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The User Spectrum of the Ball Machine

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Playmate Volley

From the teaching pros to beginners

By Matt Levinson, Levinson Athletics

As a recreational tennis player, the benefits of using a ball machine are both obvious and mystifying to me. It stands to reason that practice does indeed make perfect, so 200 tennis balls fed to you at a consistent rate may yield, at the very least, some minor muscle memory. But in addition to the repetitive features we find in ball machines, how do we make use of it to reach the next level? Can it meet the more technical needs of an advanced player, or benefit the pro player? I did some digging to find out.

As it turns out, all players should be training on a ball machine. How each level of player trains on the machine should be quite different. For beginners, finding the strike zone and the footwork are imperative to improving their game. We need to work on the stroke production of a particular shot, as well as focus on movement to the ball. Footwork and recovery also are important. Ball machines can throw at different heights, speeds, spin, frequency, and directions in sequence and at random. Being able to practice hitting balls of different characteristics allows players to not only focus on their strokes, but on their ball recognition as well.

Advanced players tend to be more successful with their ball recognition skills; however, what often is lacking is the number of shots in their repertoire. They may have mastered the groundstroke, but how is the high or low approach shot? Can they handle that wicked slice? The advanced player should be using a ball machine to practice as many different shots as possible to increase their complement of shots.

Did you know that tennis is one of the only sports where the coach actually competes against the student in an attempt to improve the student’s game? Although it is fun for the student to play or engage in some way with a far more experienced player, it doesn’t necessarily give them the best chance at learning.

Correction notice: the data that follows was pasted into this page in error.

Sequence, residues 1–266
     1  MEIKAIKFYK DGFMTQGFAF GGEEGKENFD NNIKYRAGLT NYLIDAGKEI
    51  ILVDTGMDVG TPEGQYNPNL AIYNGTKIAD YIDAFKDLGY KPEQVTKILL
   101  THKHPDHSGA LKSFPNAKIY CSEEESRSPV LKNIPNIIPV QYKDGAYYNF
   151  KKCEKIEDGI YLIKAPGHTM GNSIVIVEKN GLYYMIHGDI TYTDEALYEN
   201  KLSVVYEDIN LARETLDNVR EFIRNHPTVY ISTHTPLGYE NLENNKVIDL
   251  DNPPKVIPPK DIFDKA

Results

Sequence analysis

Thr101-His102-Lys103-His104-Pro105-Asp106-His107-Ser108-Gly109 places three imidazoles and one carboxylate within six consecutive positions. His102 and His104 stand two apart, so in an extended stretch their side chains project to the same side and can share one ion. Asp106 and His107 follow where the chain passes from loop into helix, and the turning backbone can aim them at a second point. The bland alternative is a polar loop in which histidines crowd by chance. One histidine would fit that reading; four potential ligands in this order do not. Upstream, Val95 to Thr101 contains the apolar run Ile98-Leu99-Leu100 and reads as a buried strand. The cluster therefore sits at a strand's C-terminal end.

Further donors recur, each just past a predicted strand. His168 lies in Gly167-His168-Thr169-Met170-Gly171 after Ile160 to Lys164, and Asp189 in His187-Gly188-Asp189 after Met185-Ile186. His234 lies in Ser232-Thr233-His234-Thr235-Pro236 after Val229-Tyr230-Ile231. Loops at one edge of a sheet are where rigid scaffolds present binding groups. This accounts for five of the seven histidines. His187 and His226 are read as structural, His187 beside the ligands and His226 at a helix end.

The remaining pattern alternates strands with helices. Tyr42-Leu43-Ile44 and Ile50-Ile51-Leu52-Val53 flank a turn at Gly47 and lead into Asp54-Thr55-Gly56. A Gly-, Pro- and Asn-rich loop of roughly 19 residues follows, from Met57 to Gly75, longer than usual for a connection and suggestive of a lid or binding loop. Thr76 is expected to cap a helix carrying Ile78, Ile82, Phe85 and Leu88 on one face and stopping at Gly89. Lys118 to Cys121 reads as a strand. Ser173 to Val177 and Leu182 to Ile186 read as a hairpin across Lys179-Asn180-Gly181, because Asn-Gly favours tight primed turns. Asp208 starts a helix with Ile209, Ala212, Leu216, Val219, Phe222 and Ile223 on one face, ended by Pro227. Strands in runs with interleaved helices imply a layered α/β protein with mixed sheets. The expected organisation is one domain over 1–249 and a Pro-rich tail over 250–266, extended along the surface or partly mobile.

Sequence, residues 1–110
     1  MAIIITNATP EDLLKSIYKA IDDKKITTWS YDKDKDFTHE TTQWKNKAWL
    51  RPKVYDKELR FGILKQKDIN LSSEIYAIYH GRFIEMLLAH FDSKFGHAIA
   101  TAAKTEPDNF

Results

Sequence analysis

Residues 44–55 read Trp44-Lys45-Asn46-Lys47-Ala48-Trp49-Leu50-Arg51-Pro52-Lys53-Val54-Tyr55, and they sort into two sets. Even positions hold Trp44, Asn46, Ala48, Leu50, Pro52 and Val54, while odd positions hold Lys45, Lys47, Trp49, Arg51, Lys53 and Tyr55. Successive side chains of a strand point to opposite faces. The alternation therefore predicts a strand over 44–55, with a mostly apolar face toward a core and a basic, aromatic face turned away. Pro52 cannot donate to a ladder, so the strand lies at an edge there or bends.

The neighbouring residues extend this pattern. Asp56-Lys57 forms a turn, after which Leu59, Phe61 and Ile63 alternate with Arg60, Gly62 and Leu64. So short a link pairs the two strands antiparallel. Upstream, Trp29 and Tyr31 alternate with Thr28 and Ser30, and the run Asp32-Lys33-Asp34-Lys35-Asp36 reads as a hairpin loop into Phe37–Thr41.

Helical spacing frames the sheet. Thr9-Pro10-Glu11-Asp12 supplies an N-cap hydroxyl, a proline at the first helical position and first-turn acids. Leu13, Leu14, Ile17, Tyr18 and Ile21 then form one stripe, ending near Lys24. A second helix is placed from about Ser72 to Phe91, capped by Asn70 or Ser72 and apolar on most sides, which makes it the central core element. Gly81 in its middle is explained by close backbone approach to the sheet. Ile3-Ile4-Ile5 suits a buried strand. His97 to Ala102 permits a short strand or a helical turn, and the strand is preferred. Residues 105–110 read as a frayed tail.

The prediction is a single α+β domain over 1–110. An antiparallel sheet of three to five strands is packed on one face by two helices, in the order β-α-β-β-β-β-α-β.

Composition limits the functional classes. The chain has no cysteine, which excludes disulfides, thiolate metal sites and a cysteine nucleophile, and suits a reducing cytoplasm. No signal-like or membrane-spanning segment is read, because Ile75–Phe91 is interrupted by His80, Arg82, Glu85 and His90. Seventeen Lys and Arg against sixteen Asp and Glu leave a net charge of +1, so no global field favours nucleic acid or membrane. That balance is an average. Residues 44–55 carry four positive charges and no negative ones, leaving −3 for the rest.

When teaching a lesson using a ball machine alongside traditional coaching, it allows a coach to lose the “fluff” of feeding and micro-managing their student’s strokes and forces them to teach while standing beside their student. The pro is now free to physically show how to hold the racquet correctly or to even record their movements to play back to them afterward. When using a machine, the coach quickly discovers that being next to their students accelerates their learning development. It allows them to coach from both sides of the net.

In further regards to the teaching pro, the ball machine can be a valuable asset. The number of powerful tools a teaching pro has not only enhances the student’s game but gives the immediate perception of professionalism. For example, would you rather hire a carpenter who shows up with a truck full of power tools, or the one who only has a hammer and hand saw?

In summary, I have found that in the lifelong game of tennis, ball machines are here to serve players from the whole spectrum of skills. From kids to seniors, newbies to the pros, and tennis clubs to freelance teachers, this is the tool for the job. If I have convinced you to at least start looking into a machine, my first recommendation would be the Playmate Tennis line. When it comes to these performance machines, you get what you pay for. Remember that and have fun!

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